If you are driving along Montague Road at Modbury you might notice a very large, distinctive mural painted on the wall of the Karadinga Recreation Centre, which is situated opposite the City of Tea Tree Gully Civic Centre. Formerly a YMCA facility, Karadinga is now run by the Uniting Church of Australia. According to the Karadinga Facebook page https://www.facebook.com/Karadinga-Sports-and-Recreation, its name is a corruption of the Kaurna name for the Modbury area ‘Kirra ung dinga’. This means “the place where the red gums grow by the creek”.

IMG_4520 Mural

So what is this artwork about and who is responsible for its creation?

The Karadinga mural is a visual record of our local history since European settlement. On page 28 of the edition dated 28 January 1987, the Leader Messenger reported on the mural, which had been completed in December 1986.  It was painted to commemorate the Centre’s tenth birthday and the 150 years since the State of South Australia was founded. The project was designed by artist Stefan Twaine-Wood and subsidised by the State Government and Watyl Paints. School children and members of the local community helped to paint the mural.

Karadinga mural article

Karadinga mural with children

The mural takes us across time in its depiction of local icons, which are based on historical photographs. The City of Tea Tree Gully area is painted as being expansive, verdant and fertile. In the foreground, Tea Tree Gully’s farming heritage is celebrated. The image on the left of the mural is taken from a 1910 photograph. Behind the hay paddocks are the Tea Tree Gully Hotel (circa 1886) and to the right, the Greenwith Methodist Church, built in 1863.

In the background, we can see a representation of the Hope Valley Reservoir, constructed between from 1869 to 1861. Behind the reservoir are the more modern edifices of Tea Tree Plaza (which opened in 1970) and the Modbury Hospital (which was opened in 1973) alongside the former nurse’s home (now operating as the Torrens Valley Institute student residence).

Behind all of these works of human history lies the timeless beauty of the bush and the hills of the Mt. Lofty Ranges. Overhead, the mural features a huge sprig of the native tea-tree, the popular name for Leptospermum lanigerum, after which the suburb and the City of Tea Tree Gully were named. It is said that when the first colonists arrived, after being so long at sea, they were delighted on seeing beautiful thick growth of the tea-tree growing over and covering the bed of the River Torrens, (Page 118, Settlement to City, third edition, Auhl, Ian, 1993). It is reputated that they used the plant to brew a tea, (Page 6, Tea Tree Gully Sketchbook, Auhl, Ian and Millstead, Rex, Adelaide, 1975).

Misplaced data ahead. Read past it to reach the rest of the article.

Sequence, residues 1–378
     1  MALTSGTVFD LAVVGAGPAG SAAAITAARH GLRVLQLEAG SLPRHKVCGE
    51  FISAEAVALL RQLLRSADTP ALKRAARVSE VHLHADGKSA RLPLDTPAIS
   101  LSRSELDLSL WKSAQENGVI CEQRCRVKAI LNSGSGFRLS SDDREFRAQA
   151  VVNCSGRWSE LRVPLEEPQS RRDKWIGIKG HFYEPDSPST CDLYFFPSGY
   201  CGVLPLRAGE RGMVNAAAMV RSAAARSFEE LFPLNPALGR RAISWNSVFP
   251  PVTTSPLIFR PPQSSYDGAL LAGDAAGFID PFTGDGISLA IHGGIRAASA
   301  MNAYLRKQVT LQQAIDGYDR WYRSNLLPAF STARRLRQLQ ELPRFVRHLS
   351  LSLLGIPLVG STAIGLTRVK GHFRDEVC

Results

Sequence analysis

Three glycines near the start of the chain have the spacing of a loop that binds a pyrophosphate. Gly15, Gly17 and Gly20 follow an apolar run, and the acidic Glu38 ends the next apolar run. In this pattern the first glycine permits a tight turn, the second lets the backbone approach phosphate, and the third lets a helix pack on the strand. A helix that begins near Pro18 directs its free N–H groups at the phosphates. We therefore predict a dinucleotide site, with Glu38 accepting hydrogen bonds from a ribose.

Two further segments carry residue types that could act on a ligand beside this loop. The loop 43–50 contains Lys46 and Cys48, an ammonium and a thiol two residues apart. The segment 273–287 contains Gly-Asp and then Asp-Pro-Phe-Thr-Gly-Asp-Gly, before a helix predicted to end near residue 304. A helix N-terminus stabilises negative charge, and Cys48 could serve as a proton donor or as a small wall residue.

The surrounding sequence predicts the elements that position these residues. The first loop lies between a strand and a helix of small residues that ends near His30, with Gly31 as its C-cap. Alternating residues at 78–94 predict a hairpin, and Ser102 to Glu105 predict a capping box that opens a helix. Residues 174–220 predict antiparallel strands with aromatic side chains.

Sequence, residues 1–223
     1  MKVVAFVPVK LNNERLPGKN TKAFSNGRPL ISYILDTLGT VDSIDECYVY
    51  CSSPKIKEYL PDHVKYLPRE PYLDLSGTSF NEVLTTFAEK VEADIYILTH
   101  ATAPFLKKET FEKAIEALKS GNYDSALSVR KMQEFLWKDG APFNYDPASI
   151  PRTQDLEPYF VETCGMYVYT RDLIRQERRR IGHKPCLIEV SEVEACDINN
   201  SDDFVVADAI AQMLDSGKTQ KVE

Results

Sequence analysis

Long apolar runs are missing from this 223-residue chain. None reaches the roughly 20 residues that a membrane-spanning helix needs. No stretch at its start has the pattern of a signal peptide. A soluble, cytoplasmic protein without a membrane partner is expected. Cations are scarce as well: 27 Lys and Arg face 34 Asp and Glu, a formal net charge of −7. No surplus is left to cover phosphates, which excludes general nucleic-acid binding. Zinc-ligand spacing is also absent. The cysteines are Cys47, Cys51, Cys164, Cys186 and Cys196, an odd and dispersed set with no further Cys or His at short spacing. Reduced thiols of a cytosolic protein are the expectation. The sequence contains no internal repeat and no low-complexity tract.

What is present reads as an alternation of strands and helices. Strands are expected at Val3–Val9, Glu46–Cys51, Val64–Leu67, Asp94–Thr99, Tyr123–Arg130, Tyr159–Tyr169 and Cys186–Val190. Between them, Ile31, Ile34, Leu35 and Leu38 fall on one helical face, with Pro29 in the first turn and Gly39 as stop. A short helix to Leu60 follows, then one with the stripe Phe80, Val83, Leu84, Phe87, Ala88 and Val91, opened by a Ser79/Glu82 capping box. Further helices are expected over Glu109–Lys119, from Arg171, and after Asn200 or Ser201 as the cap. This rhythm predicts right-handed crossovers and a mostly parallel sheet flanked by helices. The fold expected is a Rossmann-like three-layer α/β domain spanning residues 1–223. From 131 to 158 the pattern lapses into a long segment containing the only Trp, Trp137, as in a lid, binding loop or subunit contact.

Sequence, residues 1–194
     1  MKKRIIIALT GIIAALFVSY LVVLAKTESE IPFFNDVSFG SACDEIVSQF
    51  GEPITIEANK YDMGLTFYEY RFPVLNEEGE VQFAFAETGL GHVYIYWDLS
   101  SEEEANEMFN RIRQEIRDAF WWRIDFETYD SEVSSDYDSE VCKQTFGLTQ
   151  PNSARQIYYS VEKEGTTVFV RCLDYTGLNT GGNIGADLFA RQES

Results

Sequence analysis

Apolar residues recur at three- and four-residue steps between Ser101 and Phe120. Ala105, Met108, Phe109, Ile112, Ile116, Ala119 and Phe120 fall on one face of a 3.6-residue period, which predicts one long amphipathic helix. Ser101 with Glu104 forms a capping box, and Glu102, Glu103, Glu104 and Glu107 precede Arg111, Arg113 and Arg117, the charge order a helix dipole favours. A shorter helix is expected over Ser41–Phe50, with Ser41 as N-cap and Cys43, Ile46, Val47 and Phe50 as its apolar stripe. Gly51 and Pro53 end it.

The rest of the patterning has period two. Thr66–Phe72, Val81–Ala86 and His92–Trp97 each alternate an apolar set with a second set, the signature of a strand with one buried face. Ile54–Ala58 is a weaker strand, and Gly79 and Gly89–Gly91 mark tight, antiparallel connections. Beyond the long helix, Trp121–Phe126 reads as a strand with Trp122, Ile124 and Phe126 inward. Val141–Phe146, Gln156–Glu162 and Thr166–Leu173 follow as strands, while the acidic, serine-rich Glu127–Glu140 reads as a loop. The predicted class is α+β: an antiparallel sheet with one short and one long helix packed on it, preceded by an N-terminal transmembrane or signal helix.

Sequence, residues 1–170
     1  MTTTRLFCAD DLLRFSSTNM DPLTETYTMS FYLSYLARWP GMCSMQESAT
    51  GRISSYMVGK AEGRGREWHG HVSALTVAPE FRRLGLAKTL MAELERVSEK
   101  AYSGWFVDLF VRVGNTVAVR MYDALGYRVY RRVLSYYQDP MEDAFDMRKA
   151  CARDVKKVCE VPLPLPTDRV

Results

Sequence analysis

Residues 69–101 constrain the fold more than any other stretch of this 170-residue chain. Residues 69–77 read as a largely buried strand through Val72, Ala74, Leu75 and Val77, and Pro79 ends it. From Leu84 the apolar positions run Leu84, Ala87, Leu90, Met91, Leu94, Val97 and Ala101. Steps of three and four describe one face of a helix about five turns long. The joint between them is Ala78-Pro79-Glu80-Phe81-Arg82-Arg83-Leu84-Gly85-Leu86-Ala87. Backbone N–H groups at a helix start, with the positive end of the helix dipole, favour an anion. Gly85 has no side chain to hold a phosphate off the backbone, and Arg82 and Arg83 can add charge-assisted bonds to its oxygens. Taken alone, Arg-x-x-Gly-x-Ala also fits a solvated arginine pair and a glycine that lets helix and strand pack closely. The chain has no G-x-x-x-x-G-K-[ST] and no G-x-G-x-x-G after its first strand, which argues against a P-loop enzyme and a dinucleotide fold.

If you would like to find out more about our local history why not reserve these books online or enquire next time you visit the Library?

#waybackwhenwednesdays

Way back when, Wednesdays

A bigger, better library

In its first incarnation, the Tea Tree Gully Library was a bookmobile. The ‘Municipal Library’ began operating in June 1965. It was a bus that serviced the local community by visiting locations around the local district, Inglewood and Houghton, such as shopping centres, the Council Civic Centre, schools and the Highbury hotel. At this time, Tea Tree Gully had a population of approximately 16,000 residents scattered over an area of 55 square miles. By 1968 the population had increased to 27,000 and Tea Tree Gully had officially been declared a City. The Library’s book stock and the number of borrowers had also increased substantially, making conditions cramped inside the mobile library. Due to its age and poor mechanical condition the bus had to be retired.

Public Library

So the official opening of a new public library made front page news in the North East Leader, a Messenger newspaper on 5 March 1969. The Library was housed in the building which was formerly the Modbury Primary School and headmaster’s cottage, which is now designated as 561 Montague Road, Modbury. It was small compared with our modern library facilities but it had high ceilings, fireplaces and was of solid construction. However, I recall a former Library staff member who worked in the old building shelving books after school commenting that it was cold and that there were mice!